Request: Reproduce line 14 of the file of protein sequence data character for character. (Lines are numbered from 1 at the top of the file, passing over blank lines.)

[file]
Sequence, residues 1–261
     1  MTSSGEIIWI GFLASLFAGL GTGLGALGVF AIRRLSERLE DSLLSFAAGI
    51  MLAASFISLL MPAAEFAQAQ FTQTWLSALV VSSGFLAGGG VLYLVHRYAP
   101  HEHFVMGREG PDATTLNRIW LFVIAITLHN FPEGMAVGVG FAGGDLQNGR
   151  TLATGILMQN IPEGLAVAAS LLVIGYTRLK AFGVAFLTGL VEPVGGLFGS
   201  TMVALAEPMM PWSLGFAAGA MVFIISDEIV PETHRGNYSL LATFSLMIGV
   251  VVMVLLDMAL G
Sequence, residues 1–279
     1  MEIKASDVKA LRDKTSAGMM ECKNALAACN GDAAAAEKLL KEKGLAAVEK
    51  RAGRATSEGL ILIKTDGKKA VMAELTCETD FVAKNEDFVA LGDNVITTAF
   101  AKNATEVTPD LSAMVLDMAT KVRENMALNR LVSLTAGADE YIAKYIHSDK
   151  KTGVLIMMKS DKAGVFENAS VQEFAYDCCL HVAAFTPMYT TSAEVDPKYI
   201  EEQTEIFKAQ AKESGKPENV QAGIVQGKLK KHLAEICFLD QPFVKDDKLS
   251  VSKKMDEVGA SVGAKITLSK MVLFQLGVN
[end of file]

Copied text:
   251  VSKKMDEVGA SVGAKITLSK MVLFQLGVN